Tombstone Tuesday: Anne Brontë and her grave error

Author Anne Brontë’s headstone has been given an erratum plaque by the Brontë Society. Should headstones be corrected or left as a historical object?

Have you ever seen a headstone that carries incorrect information? Should it be corrected? Left as a historical object? Or should a correction be added?

I have just read this BBC article relating to the correction of an error on author Anne Brontë’s grave in Scarborough, North Yorkshire.

The error, her age at death, which should have been 29 rather than 28 years, has stood in the churchyard since 1849, but now the Brontë Society has made the corrections by adding a plaque alongside the original standing stone.

This is not the first time her headstone has been corrected – her sister Charlotte arranged the correction of five earlier errors.

Elizabeth Yarrow’s headstone doesn’t match burial records on several counts.

This reminds me of my own Great x 5 Grandmother, Elizabeth Yarrow (née Wright), whose own age, date, and year of death differs by two years depending on whether you’re reading the headstone, or one of the two parish registers that record her burial.

Dates range from 1837 to 1839, and her death seems to not to be covered by certification.

What do you think? Is it right to correct a headstone, preserve it with its error, or add an ‘erratum’?

Author: Andrew Martin

Andrew Martin is a British author, family historian, tech nerd, AFOL, and host of The Family Histories Podcast.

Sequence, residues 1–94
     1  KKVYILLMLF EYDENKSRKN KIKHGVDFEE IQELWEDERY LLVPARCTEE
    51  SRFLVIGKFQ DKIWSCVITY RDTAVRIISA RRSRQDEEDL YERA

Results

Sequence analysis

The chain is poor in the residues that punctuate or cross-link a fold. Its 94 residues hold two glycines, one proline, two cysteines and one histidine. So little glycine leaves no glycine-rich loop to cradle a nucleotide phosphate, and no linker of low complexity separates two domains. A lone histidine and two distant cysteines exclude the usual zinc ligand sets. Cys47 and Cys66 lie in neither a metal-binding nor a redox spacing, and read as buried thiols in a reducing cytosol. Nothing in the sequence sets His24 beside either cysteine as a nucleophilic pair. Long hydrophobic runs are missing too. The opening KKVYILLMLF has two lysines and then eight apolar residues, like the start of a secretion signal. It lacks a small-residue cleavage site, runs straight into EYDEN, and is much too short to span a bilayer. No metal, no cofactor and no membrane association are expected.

2 thoughts on “Tombstone Tuesday: Anne Brontë and her grave error”

  1. I think in some cases it is necessary. One of my ancestor’s stones was very badly faded. Another branch of the family purchased a new stone and laid it by the original. Sadly, the new stone has the incorrect death year (off by five years!). This misinformation is now out there, and many uninformed casual family searchers will be duped by the fancy new stone.


  2. I am very interested in your April 30, 2013 piece regarding the error on Anne Bronte’s tombstone and your comment about the other errors, when you say :’This is not the first time her headstone has been corrected – her sister Charlotte arranged the correction of five earlier errors’. I am working on an article on Anne Bronte and was wondering if you could provide the source for the information about the errors corrected by Charlotte (except of course her age). Thank you for your interesting piece.


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